Understanding The Process of Making Electronics From Unrefined Coal

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While the whole world is moving towards getting the best from renewable resources, there are some engineers who are trying to change the view for non-renewable resources. Don’t get them wrong, all they are trying to do is repurposing this combustible fuel into a wide range of electronic equipment for a number of industries like healthcare, aviation, and energy. Coal has always been used for a number of reasons but least people tried to explore its optical and electronic properties. No one ever tries to include it into electronic devices, had that been done much of the exploitation of this resource could be avoided. A few days back, a few researchers showcased how unrefined coal can be utilized in creation of simple electrical heating device that can further be used in airplane wings and car windows. It also led the researchers to work in detail over the chemical, optical, and electrical properties of very minute films of different classes of coal: bituminous, lignite, and anthracite.

The research dictates that raw coal has numerous innate properties that are needed in electrical devices. For instance, unrefined coal displays a wide range of conductivity that extends up to seven orders of magnitude. This provides a clear edge over silicon that need intense refinement much suited to electrical components. Coal is mainly made up of carbon along with organic matter that has been subjected to decaying and pressure for almost a million years. The varieties that researchers selected for this purpose are the ones that have been in this world for a few hundred years now.  

In words of Nicola Ferralis, “We usually want to make materials from scratch, carefully combining pure materials in precise ratios. In this case, though, the process involves selecting from among this huge library of materials, all with their own different variations.”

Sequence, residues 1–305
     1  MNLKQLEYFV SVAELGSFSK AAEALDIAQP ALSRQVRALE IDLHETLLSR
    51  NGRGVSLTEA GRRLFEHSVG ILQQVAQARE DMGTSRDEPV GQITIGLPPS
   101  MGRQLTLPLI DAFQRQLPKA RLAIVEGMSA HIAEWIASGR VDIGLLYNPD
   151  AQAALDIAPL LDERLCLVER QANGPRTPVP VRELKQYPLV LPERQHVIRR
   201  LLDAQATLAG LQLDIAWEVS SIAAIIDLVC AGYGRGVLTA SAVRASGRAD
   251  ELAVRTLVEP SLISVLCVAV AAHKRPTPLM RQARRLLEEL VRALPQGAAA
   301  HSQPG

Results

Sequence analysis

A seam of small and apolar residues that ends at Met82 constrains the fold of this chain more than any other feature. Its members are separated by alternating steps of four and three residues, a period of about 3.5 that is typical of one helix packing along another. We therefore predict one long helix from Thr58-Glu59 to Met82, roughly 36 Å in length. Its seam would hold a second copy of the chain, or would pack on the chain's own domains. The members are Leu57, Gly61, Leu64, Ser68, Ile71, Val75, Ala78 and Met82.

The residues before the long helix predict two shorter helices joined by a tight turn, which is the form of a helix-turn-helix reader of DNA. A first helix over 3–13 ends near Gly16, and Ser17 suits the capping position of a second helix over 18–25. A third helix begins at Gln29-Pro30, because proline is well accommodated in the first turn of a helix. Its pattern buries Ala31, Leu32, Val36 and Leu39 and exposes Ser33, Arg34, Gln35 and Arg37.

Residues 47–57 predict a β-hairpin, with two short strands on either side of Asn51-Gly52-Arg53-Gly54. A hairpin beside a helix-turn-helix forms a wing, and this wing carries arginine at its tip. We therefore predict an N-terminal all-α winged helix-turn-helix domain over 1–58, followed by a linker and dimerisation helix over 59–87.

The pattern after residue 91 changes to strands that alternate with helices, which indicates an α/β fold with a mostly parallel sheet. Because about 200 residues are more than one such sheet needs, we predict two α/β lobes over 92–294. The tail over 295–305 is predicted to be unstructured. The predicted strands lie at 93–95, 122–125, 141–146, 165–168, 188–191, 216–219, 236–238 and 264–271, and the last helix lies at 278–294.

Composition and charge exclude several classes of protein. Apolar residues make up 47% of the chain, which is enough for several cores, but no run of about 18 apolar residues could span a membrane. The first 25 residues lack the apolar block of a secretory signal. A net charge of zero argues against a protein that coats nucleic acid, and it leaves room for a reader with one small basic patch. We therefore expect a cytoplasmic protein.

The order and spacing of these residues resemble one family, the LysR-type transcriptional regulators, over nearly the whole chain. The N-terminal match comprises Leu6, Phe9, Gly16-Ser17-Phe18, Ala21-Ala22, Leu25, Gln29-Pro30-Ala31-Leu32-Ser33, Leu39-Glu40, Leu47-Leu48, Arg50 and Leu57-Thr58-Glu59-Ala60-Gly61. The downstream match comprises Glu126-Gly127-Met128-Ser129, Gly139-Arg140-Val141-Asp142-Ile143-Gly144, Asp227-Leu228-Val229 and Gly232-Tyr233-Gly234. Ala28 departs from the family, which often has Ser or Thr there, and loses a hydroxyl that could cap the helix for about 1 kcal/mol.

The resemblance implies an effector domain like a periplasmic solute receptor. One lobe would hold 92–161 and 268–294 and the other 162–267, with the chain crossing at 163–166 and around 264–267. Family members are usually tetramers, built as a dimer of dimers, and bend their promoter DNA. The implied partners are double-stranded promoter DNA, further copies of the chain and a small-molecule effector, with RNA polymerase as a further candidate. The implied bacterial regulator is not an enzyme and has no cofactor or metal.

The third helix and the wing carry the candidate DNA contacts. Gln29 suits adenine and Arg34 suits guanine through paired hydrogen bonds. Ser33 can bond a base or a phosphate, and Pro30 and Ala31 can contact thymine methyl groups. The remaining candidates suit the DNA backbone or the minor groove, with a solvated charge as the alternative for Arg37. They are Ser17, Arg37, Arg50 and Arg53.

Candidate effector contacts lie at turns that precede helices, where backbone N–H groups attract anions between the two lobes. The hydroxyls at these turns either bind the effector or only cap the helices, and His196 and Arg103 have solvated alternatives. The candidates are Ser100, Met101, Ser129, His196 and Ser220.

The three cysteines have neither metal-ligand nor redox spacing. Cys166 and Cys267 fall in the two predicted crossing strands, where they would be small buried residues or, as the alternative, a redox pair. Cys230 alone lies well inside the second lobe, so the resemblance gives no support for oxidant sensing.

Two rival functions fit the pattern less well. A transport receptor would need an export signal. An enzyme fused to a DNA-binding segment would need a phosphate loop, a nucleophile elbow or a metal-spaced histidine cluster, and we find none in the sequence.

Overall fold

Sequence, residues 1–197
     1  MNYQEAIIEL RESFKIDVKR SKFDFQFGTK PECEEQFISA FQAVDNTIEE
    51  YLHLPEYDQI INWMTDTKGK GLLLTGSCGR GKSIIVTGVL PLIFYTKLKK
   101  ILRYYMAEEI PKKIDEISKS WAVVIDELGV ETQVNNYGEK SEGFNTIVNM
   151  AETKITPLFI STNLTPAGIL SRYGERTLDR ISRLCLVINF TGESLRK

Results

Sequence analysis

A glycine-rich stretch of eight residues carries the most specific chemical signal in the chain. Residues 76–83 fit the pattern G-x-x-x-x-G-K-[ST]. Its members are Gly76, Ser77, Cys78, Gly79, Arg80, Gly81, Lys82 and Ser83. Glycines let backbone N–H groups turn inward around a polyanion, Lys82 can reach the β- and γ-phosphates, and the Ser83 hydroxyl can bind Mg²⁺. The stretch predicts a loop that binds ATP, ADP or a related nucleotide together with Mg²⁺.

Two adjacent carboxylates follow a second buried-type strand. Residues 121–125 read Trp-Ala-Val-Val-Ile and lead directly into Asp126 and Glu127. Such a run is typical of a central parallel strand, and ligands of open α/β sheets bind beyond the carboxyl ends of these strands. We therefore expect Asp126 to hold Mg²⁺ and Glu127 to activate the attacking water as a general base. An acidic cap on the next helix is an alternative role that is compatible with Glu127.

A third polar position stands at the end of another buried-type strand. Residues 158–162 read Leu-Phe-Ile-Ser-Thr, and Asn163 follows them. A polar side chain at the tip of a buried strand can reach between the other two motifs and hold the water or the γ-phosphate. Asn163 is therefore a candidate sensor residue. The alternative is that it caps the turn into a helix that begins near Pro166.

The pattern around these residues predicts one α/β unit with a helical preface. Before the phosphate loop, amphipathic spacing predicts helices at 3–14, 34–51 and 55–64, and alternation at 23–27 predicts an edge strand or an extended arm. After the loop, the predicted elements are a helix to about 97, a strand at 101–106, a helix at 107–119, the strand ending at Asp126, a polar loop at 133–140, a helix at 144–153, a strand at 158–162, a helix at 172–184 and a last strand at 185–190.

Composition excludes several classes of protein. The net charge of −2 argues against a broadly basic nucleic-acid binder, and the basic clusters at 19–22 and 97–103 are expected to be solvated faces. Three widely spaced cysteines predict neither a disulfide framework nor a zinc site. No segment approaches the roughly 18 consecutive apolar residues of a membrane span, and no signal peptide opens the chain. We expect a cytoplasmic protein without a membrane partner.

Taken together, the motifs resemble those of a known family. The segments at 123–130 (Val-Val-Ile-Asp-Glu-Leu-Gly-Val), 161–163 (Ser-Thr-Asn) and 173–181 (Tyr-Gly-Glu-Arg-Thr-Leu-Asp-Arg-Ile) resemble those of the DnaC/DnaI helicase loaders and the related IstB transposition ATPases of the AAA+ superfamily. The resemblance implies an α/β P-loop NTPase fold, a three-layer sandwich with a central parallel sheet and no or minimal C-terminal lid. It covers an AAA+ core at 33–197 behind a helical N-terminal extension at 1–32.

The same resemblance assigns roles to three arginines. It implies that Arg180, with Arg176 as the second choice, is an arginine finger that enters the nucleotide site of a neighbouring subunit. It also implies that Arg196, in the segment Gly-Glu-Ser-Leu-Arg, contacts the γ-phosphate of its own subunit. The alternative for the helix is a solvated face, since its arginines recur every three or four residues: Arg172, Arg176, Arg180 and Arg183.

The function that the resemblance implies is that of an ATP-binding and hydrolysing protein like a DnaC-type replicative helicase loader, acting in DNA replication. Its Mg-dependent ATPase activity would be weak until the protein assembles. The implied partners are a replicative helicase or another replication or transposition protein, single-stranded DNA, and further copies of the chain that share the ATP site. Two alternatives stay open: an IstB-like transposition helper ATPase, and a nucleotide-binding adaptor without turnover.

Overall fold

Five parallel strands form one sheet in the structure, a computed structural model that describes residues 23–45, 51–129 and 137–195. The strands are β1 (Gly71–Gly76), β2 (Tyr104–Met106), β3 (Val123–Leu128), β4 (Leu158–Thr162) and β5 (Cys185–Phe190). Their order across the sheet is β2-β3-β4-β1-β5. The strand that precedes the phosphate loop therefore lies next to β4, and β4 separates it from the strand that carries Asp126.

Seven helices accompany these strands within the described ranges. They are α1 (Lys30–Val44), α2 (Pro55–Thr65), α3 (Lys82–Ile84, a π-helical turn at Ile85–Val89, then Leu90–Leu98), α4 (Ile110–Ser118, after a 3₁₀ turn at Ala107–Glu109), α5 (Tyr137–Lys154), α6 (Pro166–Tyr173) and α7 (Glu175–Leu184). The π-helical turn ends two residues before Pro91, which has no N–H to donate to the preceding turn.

Another specific obstacle that they faced was in figuring out the processing of unrefined material. For studying its electrical properties, they formed a series of steps under which lots of coal was crushed in form of powder, suspended in a particular solution, and was then fixed on a substrate in form of a thin uniform film. The simple device they formed from this process proves an end-to-end demo of how a material can be used from coal grinding up to deposition in form of thin film and finally used for the formation of electronic equipment. Additionally, engineers also discovered that small adjustments in temperatures of coal processing, they were able to fine tune a number of electrical and optical properties of coal up to the required level.

Coal has been used in chemical industry in raw from for since centuries, it is for the first time someone has attempted to apply a new approach towards it. In words of an associate professor of mechanical engineering at Temple University, Shenqian Ran, “This is significant step to utilize nanocarbon materials, directly from unrefined coal, with controllable electronic properties and excellent stability and scalability.”